± 95 Days
The 4th Step of 12 in AA is about taking a thorough moral inventory of yourself,
And that begins by writing down your resentments. Resentments toward your family, the world, yourself, your situation, your car, your dog, your job, your coffee cup, your high school coach, a chair, etc. Anything at all that you may be a wee bit angry about, you should detail because if you aren’t careful, these are the very things that will drive you back to drinking.
I think you get my point.
Inventory? No problem, I thought. I can point to things I’ve done that I’m not proud of, ample mistakes I’ve made, bad decisions that resulted in hurting myself and others. Easy-peasy.
Resentments? That’s another story.
I’ve been actively indignant and judge-y toward others who lament their past and how they were wronged by this person or unloved by that person (“Poor soul, so angry, such a martyr, jeeeeeez…”) and sad for them that they carried these things around like turds in their pockets and let them stink up their present lives.
In my mind, I have taken the high road and refused to give in to the victim mentality. I saw it as a sign of weakness. When I sat down to write, I thought wow, this is going to be a no-brainer because I probably don’t have any resentments. I’ll end up with a blank page. Maybe a few scribbles.
Anger and filthy language and spewing of victim-y shit came flooding out like an overflowing public toilet. An overflowing public toilet in a subway station. Like really, really disgusting thoughts came out. Thoughts I thought I was above. Thoughts I never really knew I had. And worst of all, thoughts that had been silently controlling my behavior and decision-making for years and years.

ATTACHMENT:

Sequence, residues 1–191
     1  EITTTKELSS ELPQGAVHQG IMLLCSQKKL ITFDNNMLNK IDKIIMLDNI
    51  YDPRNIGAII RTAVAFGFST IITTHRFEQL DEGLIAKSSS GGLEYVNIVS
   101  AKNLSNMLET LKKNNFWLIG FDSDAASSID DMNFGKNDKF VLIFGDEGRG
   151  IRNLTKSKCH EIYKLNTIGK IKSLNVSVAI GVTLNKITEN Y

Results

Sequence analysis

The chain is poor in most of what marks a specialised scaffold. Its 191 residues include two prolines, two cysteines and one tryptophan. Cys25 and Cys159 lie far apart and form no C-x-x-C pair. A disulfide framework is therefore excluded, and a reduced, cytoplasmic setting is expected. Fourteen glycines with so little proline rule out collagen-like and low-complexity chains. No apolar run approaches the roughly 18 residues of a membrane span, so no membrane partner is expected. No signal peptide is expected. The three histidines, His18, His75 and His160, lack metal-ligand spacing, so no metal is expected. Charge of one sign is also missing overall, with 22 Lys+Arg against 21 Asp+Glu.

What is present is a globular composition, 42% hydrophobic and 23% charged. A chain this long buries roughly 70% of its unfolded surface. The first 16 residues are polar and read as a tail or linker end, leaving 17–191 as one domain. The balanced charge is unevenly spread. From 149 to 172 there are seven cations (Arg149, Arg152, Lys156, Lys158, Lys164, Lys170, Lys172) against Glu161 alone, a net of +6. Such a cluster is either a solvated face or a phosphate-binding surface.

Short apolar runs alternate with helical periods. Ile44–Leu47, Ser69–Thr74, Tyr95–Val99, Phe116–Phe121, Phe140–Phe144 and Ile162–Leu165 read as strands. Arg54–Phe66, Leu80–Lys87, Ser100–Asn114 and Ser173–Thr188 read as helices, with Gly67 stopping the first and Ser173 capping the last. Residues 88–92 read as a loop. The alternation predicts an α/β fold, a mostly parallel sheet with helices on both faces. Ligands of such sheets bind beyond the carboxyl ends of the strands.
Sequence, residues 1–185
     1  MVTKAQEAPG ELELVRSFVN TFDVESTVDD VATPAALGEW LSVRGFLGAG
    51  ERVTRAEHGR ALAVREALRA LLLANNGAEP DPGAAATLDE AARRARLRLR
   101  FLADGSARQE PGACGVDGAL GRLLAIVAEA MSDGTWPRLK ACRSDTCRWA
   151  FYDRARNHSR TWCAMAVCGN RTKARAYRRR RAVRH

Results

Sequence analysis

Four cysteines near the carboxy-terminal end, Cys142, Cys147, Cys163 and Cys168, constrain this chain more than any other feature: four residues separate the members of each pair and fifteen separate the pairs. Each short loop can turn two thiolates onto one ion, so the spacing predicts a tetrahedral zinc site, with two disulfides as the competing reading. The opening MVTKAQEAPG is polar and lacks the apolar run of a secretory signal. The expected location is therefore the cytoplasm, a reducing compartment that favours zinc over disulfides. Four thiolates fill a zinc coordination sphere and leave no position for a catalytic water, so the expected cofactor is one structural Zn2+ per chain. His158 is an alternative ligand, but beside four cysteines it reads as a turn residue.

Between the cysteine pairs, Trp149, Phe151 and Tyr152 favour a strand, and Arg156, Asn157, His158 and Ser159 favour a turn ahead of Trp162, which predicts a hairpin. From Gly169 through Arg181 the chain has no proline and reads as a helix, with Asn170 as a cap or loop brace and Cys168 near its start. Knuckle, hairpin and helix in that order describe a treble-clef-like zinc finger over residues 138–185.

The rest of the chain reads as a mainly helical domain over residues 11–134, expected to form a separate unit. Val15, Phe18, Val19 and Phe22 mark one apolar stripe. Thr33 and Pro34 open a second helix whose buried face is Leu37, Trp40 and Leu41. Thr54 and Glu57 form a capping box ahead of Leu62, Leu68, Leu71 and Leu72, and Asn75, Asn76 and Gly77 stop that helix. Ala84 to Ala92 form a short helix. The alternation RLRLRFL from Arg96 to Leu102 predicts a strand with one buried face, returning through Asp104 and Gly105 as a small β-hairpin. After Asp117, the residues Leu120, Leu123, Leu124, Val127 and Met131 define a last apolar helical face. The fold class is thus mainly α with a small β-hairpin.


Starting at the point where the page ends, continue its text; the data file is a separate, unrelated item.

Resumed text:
SCARY. But enlightening.
Another part of Step 4 is to go further and admit your role in these resentments.
What part did I play? What behavior did I tolerate or worse, encourage? How was I active and conscious in these resentments I so quickly was able to conjure up from the bowels of my past? Sometimes the answer was – nothing. I didn’t do a damn thing. But the really frightening part was facing the fact that I had been a part of some of these bad situations. I encouraged drama. I tolerated shit that was so clearly unhealthy. I made bad choices. I turned a blind eye to some of those choices when it because obvious they were hurting me. I played it safe. I played it dangerous. I did all sort of things. And most of all, I neglected myself. I put the health or wants or fucked up behavior of others over my own basic needs and that is the saddest part. And the happiest part, because now I see clearly what I did, and I swear to God, I will not do that again.
How I wish I could reveal some of these resentments but unfortunately, the notes on paper can’t be shared publicly because the people that I take issue with are, for the most part, still walking around on this planet and if they were ever to know how I feel, they’d be crushed. They wouldn’t understand that although what they did was shitty, that I played my part too. One of the upcoming steps of the program is to make amends to those you’ve hurt, so undoubtedly I’ll cross paths with some of these folks again.
But for now, I keep my list handy to remind me of what I will not do in the future, especially to myself.
Until next time…
About the Author
Jennifer is an entrepreneur, a mother, a writer, and an alcoholic in recovery with a sobriety date of September 14, 2015. She is a former human resources professional, which means she’s seen it all, in and out of the workplace. She has a daughter in college and a dog curled up on the sofa. She’s naturally inclined to use foul language and believes there aren’t enough women in positions of power in this world, and she’s looking to change that. Her writing here will shed light on what it’s like to be new in recovery.